A young man who dreams of becoming one of the King’s Musketeers, travelling to Paris with nothing but a sword, fifteen crowns in his pocket and the good wishes of his father which he hopes will ensure him an introduction, d’Artagnan’s arrival is inauspicious, first offending the Count De Rochefort, an agent of Cardinal Richelieu whom he was specifically warned to be wary of, then sequentially offending and becoming obliged to duel the very men he wished to meet, the three musketeers Athos, Porthos and Aramis.
Circumstances indicating a common enemy in Cardinal Richelieu and his forces, the three musketeers grudgingly accept d’Artagnan as an ally, doubly convenient in his growing friendship with Constance Bonacieux, dressmaker to Anne of Austria, which opens a channel of information on the court leading to them learning of a plot by Richelieu to discredit King Louis XIII involving the queen’s diamonds, gifted to her by the king but loaned by her to the Duke of Buckingham, a personal friend but as an Englishman ostensibly an agent of an enemy nation.
The factions, intrigues, ambitions, alliances and betrayals which make up the royal court of France too much for a single film, producer Ilya Salkind made the wise decision to split his adaptation of Alexandre Dumas’ 1844 novel The Three Musketeers into two parts shot back to back, written by George MacDonald Fraser and directed by A Hard Day’s Night‘s Richard Lester, The Three Musketeers (subtitled The Queen’s Diamonds) released in 1973 and The Four Musketeers (subtitled The Revenge of Milady) released in 1974, with both now joining StudioCanal’s Vintage Classics collection.
An approach to production both cost-effective and practical which Salkind would use again for Superman and its first sequel later that same decade, allowing all the principal cast and locations to be available for a single extended period rather than requiring them to renegotiate and regroup at a later date, it is perhaps a decision which might have been better divulged prior to filming rather than in the run up to release, with additional contractual agreements and fees levied by understandably disgruntled cast and crew when they learned the agreed four hour epic they had signed on for was to be split.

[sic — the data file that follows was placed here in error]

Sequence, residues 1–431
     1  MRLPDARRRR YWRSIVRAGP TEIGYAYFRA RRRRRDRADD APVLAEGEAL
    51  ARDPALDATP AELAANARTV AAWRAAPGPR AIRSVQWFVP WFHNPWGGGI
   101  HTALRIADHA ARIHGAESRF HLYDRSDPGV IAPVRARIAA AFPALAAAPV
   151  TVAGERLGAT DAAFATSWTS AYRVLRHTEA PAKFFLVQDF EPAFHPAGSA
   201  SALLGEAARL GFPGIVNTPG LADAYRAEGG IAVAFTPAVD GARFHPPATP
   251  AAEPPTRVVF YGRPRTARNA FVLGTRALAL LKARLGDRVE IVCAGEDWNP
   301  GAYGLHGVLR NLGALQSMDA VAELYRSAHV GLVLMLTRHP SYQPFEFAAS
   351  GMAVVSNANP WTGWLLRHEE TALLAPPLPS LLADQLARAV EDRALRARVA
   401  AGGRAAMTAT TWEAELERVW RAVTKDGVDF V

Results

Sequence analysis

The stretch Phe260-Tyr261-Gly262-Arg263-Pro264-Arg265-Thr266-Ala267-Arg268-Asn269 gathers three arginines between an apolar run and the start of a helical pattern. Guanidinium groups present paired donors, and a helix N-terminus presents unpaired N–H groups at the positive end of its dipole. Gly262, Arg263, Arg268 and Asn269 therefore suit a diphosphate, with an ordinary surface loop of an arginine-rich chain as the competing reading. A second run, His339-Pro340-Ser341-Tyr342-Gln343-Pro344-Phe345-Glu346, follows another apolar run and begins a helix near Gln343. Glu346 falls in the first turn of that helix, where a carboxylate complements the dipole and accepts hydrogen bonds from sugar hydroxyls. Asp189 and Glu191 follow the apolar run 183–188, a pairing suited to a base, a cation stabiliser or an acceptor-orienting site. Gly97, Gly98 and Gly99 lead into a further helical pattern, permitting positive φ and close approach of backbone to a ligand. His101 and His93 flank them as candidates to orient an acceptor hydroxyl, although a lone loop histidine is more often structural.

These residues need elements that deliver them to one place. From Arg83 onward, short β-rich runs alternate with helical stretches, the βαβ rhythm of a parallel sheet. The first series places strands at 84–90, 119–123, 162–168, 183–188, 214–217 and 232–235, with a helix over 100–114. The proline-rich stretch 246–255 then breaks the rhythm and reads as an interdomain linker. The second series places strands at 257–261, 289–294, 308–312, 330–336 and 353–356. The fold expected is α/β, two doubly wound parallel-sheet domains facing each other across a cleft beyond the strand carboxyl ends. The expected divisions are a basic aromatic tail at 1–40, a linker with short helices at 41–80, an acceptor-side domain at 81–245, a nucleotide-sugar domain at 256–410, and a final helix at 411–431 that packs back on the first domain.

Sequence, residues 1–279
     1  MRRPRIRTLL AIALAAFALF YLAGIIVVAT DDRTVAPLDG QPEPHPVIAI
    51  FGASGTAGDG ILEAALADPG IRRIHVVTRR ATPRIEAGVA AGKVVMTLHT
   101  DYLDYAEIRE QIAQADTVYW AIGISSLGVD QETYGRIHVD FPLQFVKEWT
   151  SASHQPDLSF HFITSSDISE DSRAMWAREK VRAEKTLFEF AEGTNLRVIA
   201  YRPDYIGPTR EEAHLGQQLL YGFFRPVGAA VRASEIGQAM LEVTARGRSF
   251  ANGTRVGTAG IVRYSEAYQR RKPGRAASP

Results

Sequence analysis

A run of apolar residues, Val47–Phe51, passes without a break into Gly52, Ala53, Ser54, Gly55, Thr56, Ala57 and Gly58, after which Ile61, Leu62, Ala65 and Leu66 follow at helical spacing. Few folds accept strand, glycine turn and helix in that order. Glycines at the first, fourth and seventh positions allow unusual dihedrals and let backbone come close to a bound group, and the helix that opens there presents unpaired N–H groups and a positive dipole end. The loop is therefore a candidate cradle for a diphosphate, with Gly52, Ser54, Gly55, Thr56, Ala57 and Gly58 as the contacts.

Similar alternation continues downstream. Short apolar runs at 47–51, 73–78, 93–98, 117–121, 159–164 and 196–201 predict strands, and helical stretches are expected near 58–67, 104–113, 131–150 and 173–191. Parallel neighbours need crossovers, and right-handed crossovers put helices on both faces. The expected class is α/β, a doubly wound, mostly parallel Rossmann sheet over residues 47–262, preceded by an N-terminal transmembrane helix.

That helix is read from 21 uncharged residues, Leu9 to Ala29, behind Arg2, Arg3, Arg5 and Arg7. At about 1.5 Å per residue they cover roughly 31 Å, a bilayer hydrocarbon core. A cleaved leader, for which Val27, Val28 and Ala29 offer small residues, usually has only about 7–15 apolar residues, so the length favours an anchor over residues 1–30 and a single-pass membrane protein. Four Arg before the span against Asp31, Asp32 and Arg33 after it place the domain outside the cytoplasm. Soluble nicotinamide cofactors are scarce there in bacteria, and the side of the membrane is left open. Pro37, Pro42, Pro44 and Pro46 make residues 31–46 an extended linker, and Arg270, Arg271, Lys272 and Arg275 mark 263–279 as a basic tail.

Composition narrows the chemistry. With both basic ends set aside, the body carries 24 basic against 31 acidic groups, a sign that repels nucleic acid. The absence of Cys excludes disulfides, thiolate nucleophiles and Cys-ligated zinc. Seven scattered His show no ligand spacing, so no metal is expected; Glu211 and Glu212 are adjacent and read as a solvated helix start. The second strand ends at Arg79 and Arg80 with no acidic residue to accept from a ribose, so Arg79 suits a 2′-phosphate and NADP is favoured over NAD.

And what a cast and crew was assembled, a roster of international talent equivalent to the Avengers of the current era: the three musketeers themselves, Oliver Reed, Frank Finlay and Richard Chamberlain as Athos, Porthos and Aramis, joined by Michael York as d’Artagnan, with Raquel Welch, Geraldine Chaplin and Simon Ward as Constance, Queen Anne and George, Duke of Buckingham, against the restrained Charlton Heston, aloof Christopher Lee and indifferent Faye Dunaway as Richelieu, Rochefort and the scheming Milady de Winter, bored by the vulgarity of the violent peasants, with comedy greats Spike Milligan and Roy Kinnear among the supporting roles.
The plot of complex and at times hard to follow, Lester’s focus largely on the seemingly endless bouts swordfighting rather than clarity, first showcased under the opening titles in d’Artagnan’s slow-motion training session choreographed by William Hobbs who would later work on Captain Kronos – Vampire Hunter, Flash Gordon, Excalibur, Ladyhawke and Willow, and the production is undeniably immense, not only in the location shooting in Spain but in the opulent sets populated by hundreds of supporting players dressed in extravagant costumes designed by Yvonne Blake who had previously won an Academy Award for another period drama, Nicholas and Alexandra, the energy and momentum ensuring The Three Musketeers remains fresh fifty years after release, its structure which includes a teasing preview of the forthcoming sequel a template which still serves to inform summer blockbusters.